Francesca Woodman

Untitled, Providence, Rhode Island


Not on display

Francesca Woodman 1958–1981
Photograph, gelatin silver print on paper
Image: 109 × 109 mm
frame: 458 × 402 × 20 mm
ARTIST ROOMS Tate and National Galleries of Scotland
ARTIST ROOMS Acquired jointly with the National Galleries of Scotland through The d'Offay Donation with assistance from the National Heritage Memorial Fund and the Art Fund 2008


Francesca Woodman stands at the far right edge of this black and white square photograph with her hands resting on her upper thighs so that she is slightly bent over. She wears long, horizontally-striped stockings that cover almost all of her legs. Aside from the stockings, she is naked. Her head and long hair are blurred in movement, and her hair obscures her left breast. To the left of Woodman hang a variety of dresses, one from a hanger on a horizontal beam with nails, and the others from tacks in a large panel on the wall. The wall is otherwise bare except for some cracks and areas of discolouration. Towards the bottom left of the image a wide-framed mirror – cropped half out of the image – sits on the floor against the wall and reflects several objects situated behind the camera.

The photograph was created while Woodman was a student at the Rhode Island School of Design (RISD) in Providence from 1975 to 1978. At RISD Woodman was a fiercely dedicated and independent student who devoted herself exhaustively to her work. She set up a studio and living space in the shabby rooms of a former dry goods store, and frequently worked in nearby abandoned houses and other rundown spaces. This work features Woodman prominently as its subject. When asked by her roommate and close friend Sloan Rankin why she was so often the subject of her own photographs, Woodman replied: ‘It’s a matter of convenience, I’m always available’ (quoted in Rankin 1998, p.35). This photograph is also notably small-scale. Woodman’s square photographs rarely measure more than fifteen centimetres in height or width.

Woodman’s slightly bent body makes it appear as though she hangs from the horizontal beam alongside the flat, lifeless dresses. This aspect of Woodman’s practice has been noted by the art historian Benjamin Buchloh, who writes that the artist’s photographs anticipate ‘the body’s translation from volume to flatness’ in photography’s creation of a two-dimensional product (Buchloh 2004, p.47). Images in which Woodman seems to blend with the wallpaper of the abandoned rooms where she often worked also exemplify such flattening (see, for example, Tate AR00358). In this image, the anticipation of flatness emerges in the likeness drawn between the artist’s body and her clothes.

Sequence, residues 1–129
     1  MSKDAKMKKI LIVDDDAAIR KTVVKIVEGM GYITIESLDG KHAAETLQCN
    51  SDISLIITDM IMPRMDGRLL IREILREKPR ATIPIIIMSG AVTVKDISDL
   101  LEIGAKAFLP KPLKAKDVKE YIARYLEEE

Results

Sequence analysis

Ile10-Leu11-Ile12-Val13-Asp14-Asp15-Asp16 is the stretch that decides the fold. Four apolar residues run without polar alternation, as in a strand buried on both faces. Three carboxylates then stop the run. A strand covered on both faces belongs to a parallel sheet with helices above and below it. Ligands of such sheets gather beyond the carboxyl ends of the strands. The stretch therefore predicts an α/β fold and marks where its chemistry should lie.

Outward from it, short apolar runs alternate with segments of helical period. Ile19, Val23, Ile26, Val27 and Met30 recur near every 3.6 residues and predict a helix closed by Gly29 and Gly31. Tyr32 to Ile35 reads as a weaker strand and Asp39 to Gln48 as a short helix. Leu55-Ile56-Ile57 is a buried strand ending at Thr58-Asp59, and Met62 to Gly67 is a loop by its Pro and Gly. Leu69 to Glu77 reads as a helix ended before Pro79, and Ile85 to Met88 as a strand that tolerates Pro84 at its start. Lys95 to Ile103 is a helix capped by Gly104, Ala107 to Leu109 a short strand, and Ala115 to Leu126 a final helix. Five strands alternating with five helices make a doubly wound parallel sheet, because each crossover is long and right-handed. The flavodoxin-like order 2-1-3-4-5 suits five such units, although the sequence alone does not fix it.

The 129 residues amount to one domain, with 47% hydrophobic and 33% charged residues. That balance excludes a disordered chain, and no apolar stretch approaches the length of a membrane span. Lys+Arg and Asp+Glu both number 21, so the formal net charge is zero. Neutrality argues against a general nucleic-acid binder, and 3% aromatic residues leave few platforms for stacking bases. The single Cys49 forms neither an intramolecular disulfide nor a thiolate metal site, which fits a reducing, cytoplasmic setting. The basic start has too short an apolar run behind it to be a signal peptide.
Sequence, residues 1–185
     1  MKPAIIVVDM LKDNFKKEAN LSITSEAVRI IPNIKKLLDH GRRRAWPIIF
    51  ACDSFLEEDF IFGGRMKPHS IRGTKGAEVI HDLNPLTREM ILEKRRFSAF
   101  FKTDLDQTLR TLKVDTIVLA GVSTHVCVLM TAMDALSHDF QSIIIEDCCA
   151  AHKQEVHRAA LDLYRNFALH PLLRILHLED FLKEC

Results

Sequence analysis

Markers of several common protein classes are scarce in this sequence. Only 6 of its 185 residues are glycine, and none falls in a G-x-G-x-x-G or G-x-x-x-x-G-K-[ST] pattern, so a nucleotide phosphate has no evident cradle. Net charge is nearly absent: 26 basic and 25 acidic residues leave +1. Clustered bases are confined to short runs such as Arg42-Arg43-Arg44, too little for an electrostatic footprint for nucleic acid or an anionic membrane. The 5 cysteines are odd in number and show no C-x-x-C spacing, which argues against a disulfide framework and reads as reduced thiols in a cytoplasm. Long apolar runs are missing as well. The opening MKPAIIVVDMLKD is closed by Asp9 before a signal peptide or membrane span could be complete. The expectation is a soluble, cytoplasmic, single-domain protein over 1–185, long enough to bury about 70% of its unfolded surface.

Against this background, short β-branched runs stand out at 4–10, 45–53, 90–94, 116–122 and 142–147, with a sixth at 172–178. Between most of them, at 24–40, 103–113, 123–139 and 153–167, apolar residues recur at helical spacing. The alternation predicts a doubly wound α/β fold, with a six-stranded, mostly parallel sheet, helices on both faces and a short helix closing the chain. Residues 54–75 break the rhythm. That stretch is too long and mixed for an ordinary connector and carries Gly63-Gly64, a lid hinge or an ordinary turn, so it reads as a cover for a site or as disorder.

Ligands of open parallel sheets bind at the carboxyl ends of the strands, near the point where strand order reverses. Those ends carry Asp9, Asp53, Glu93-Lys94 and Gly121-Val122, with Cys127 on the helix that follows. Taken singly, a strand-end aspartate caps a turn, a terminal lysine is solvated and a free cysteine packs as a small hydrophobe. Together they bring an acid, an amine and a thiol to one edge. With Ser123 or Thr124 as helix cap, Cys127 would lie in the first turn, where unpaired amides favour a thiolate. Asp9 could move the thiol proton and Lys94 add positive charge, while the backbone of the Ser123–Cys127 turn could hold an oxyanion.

Woodman is not lifeless in this photograph, however, but rather blurred in motion. Light falls from outside the frame onto Woodman’s whipping hair to highlight her activity. The graphic stripes of her stockings – almost like an optical illusion –emphasise this sense of vibrating energy. Stressing the impression of movement in Woodman’s work, Claire Raymond has complicated Buchloh’s position by arguing that the artist often pushes out from the wall and emerges ‘into dangerous, vivid motion’, as she does here (Raymond 2010, p.139). Indeed, Woodman’s motion in this image exemplifies her attempt to represent the body’s energy: ‘I show you what you do not see – the body’s inner force’ (quoted in Chandès 1998, p.10).

Further reading
Sloan Rankin, ‘Peach Mumble – Ideas Cooking’ in Hervé Chandès (ed.), Francesca Woodman, New York 1998.
Benjamin Buchloh, ‘Francesca Woodman: Performing the Photograph, Staging the Subject’, in Francesca Woodman: Photographs 1975–1980, exhibition catalogue, Marian Goodman Gallery, New York 2004.
Claire Raymond, Francesca Woodman and the Kantian Sublime, Surrey 2010.

John White
University of Edinburgh
January 2015

The University of Edinburgh is a research partner of ARTIST ROOMS.

Does this text contain inaccurate information or language that you feel we should improve or change? We would like to hear from you.

Online caption

Woodman has photographed herself at the very edge of the composition, emerging like a spirit from a shaft of light. The hanging clothes echo her body, seeming to hover with a life of their own. Alone and naked, Woodman appears vulnerable, underlined by the small and intimate format of the photograph. Her photographs explore issues of gender and self, looking at the representation of the body in relation to its surroundings. She usually puts herself in the frame, although these are not conventional self-portraits, since she is either partially hidden, or concealed by slow exposures that blur her moving figure into a surreal, ghostly presence. Woodman uses a mirror as a prop – it becomes a symbol of artistic self-reflexivity, reflecting the ‘eye’ of the camera back upon itself.

You might like